What Is The Ketogenic Diet?
This type of diet involves ingesting large amounts of fats, a reasonable amount of protein, and very few carbohydrates (less than 50 grams of carbs). This process is categorized under banting. The term ketogenic itself refers to the state which the body enters as it uses up the fats and ketones (by-products of burning fat) as fuel. The result of this type of diet is weight loss. Appetite is suppressed as the levels of the hunger hormone, ghrelin, are reduced and body fat is burnt. This diet has also been used to treat epilepsy patients as well as other neurological conditions. The ketogenic diet is very similar to the Atkins diet, as it follows the first few steps of the Atkins diet. However, unlike the Atkins diet, this diet does not work in phases. The Atkins diet allows carbs to be reintroduced after a certain length of time.
What are some of the possible side effects of the ketogenic diet?
During the first two weeks, side effects can include headaches, constipation, fatigue, and dizziness, as the body adjusts to the diet. These are all short-term side effects. Long-term side effects are also possible. These include kidney stones, increased risk of bone fractures, and increased risk of higher cholesterol levels. Some women may also experience an interruption to their menstrual cycle. It should also be noted that there is a lack of long-term research data on the effects of this diet on the human body, despite that this diet was first proposed in the 1920s. It is advisable, as with any diet plan, to speak to your doctor before embarking on such a diet.
What does a ketogenic diet meal plan look like?
Ideally, this would be up to four eggs with mushrooms, spinach, and onions, covered in olive oil and served with up to two ounces of cheddar cheese. This is a breakfast that contains less than 15 grams of carbohydrates from non-starchy vegetables (not bread), some proteins, and a great deal of fat. Also, there is a difference between good and bad fats. Bad fats are saturated fats which are linked to increased LDL-cholesterol; however, unsaturated fats, such as polyunsaturated and monounsaturated fats, are good fats. Consuming this type of fat is linked to an 11 to 19% lower risk of death.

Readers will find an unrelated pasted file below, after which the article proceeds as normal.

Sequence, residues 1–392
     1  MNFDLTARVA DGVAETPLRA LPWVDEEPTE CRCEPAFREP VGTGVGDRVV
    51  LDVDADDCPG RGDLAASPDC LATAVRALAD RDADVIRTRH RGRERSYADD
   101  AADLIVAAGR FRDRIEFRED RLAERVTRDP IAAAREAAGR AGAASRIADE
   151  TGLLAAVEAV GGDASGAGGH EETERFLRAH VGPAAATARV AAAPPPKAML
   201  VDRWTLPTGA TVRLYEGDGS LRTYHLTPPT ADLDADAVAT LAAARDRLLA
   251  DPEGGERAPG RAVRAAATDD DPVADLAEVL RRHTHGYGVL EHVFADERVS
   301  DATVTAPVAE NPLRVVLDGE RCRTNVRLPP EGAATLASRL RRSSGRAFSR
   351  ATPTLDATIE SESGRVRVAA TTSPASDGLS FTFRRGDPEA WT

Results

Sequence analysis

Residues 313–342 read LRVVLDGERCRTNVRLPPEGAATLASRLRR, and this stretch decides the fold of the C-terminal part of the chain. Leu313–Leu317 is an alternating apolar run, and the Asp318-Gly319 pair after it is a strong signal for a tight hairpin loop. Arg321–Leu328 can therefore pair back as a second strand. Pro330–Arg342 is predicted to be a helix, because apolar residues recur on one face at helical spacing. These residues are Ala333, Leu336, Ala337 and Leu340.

An easy lunch would be a salad with non-starchy veggies, such as arugula, and avocados, mixed with a protein source such as eggs, tuna, chicken or beef, and sources of fats in the form of bacon, cheese, nuts, with olive oil as a dressing.
With this type of diet, it is recommended that at least four ounces of protein be consumed at night. This can be any meat or eggs. Added to that, large quantities of non-starchy veggies (broccoli or green beans, for example) should provide you with not more than 15 grams of carbohydrates. In addition, eat at least two tablespoons of fat (used during the cooking of the meat, olive oil drizzled over the veggies, or butter on the vegetables). In-between snacks: As with the other meals, no snack should have more than 15 grams of carbs, but should contain some protein and large amounts of fats. Snow peas dipped in peanut butter, and some cheese will do.
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